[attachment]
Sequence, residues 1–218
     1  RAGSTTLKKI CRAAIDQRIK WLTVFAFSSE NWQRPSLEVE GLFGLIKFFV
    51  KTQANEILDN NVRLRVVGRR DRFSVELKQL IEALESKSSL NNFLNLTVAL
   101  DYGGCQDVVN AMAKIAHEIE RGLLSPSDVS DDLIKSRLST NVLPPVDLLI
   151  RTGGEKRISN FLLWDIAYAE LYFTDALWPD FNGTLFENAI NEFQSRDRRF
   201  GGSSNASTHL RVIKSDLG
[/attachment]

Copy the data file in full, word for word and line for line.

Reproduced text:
Sequence, residues 1–218
     1  RAGSTTLKKI CRAAIDQRIK WLTVFAFSSE NWQRPSLEVE GLFGLIKFFV
    51  KTQANEILDN NVRLRVVGRR DRFSVELKQL IEALESKSSL NNFLNLTVAL
   101  DYGGCQDVVN AMAKIAHEIE RGLLSPSDVS DDLIKSRLST NVLPPVDLLI
   151  RTGGEKRISN FLLWDIAYAE LYFTDALWPD FNGTLFENAI NEFQSRDRRF
   201  GGSSNASTHL RVIKSDLG